Shimura: In total darkness, it is difficult to simply walk or drink water unless you concentrate on every action your body makes. When given such limited conditions, we recognize the very essence of human behaviors such as drinking.
Komada: People tend to focus only on the future. Perhaps we need to pay a little more attention to ourselves and our environment we are situated in at the moment and at the present time.
Komada: Professor Tsukamoto, what are your thoughts?
Tsukamoto: Over the course of my research on architecture and cities, I became interested in things that have existed in a certain place for a long period of time. Perhaps this is why I want to create a future that brings along the past in a beneficial manner. In fact, the existence of human beings is significantly based on the society's cultural past to which they belong. I am averse to a future in which the past is denied.
Since 2019, I have been working on a project to restore satoyama (traditional Japanese rural landscape located between cities and deep mountains) in Kamogawa City, Chiba Prefecture. The lifestyle of the people in satoyama have maintained its surrounding natural environment to secure food, materials, and energy needed in their lives. The traditional houses are built with clay walls made from rice paddy soil mixed with straw, and thatched roofs covered with plants such as Japanese silver grass. Unlike cities, where agriculture, forestry, and construction are carried out as individual industries, the activities of agriculture, forestry, and architecture are integrated in satoyama, and materials used are seamlessly moving back and forth.
Take rethatching of the roofs for example, the necessary amount of thatch grows just at the right time, and communal laborers in the village are able to rotate the work needed. After the roof is rethatched, the removed thatch spreads over the farmland as fertilizer. This is a wonderfully well-balanced mechanism that truly excels as renewable architecture; creating ecological loop of regenerative ability of living things, the ideal form of architecture, and how to create social organizations.
However, the law stipulates that noncombustible materials must be used for roofs in urban areas. Consequently, even if you wanted to construct a new building with a thatched roof, it would be difficult to implement. Engaging in the activities of Satoyama has made me realize the pitfalls of conventional social systems. We need a future in which people can enjoy the autonomous system of its surrounding environment, by freely accessing its natural resources. In particular, it would be beneficial for a country like Japan, which is rich in land resources, to take the lead in realizing such a future and showcasing its method to the world.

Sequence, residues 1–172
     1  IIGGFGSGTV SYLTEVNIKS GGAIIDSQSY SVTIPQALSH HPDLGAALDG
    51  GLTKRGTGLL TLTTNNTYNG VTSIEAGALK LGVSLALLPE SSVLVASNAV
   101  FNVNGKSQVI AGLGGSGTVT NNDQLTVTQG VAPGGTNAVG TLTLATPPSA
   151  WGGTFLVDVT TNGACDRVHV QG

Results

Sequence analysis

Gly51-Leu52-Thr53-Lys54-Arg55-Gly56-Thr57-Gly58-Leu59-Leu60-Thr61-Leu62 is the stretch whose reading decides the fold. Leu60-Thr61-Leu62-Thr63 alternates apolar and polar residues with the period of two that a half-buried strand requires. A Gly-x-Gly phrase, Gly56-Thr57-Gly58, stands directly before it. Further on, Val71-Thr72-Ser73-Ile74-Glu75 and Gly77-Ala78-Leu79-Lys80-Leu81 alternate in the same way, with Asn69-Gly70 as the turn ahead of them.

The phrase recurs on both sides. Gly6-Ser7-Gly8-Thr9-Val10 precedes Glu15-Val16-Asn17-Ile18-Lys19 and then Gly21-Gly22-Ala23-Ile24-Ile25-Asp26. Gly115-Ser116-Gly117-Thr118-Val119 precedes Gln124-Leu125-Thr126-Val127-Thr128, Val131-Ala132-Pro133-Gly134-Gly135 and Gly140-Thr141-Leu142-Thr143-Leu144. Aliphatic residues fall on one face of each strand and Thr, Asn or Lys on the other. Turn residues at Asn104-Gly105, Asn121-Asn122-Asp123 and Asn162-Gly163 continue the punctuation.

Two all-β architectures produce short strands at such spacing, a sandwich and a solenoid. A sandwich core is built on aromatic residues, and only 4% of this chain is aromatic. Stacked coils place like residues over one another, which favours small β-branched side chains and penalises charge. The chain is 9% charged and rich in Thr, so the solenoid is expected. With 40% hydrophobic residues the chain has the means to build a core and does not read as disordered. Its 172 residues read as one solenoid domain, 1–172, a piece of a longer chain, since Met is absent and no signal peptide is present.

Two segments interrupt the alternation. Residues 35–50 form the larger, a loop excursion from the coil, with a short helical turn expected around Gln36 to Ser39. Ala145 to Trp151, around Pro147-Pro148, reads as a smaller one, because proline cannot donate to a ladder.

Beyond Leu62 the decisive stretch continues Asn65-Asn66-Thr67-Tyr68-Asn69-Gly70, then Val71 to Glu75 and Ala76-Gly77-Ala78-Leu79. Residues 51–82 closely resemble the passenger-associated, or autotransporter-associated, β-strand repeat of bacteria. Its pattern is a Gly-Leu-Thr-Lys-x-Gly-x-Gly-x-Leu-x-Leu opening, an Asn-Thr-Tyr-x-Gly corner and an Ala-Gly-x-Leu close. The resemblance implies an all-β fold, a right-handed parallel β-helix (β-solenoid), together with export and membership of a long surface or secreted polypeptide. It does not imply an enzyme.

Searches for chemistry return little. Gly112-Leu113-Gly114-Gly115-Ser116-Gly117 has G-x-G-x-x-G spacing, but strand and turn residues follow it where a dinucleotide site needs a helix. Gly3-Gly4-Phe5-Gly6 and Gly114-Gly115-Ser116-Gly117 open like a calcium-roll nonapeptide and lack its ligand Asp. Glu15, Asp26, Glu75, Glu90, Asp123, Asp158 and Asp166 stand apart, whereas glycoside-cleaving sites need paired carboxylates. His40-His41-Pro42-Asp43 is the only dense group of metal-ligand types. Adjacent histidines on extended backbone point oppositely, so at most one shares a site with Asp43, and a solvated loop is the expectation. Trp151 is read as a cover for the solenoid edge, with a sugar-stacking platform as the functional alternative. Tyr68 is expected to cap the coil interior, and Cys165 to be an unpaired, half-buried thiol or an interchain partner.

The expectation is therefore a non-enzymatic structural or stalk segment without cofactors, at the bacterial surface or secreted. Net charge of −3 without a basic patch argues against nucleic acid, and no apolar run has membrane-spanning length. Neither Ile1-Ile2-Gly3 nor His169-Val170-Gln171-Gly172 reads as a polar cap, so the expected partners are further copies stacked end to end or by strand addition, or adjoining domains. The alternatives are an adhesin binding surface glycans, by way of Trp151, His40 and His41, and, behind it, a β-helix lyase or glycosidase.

Nakano: In places like Satoyama, people have lived interdependently with nature even before the word "ecology" was invented, and ecological wisdom was acquired over time such as how to replace thatched roofs. We must reconstruct such wisdom while analyzing from a current perspective.
Komada: Next, I would like to ask about "your ideal self image;" in other words, how do you want to live as an individual?
Nakano: I believe that the first half and second half of life have different images. The first half is the time for diverse exploration, acquisition of many things, and establishment of yourself. The second half is the time to let go of what you have gained and become as an "empty existence" as much as possible.
One image rooted in our Eastern societal thought is for a person to "become a hollow bamboo and play the notes of the universe." A flute is a hollow musical instrument. It cannot be played if something is stuck inside. Now that I am 65 years old, it would be wonderful if I were able to follow this image and let go of various things, empty myself, and play the music of the universe by letting the universe flow through my empty vessel.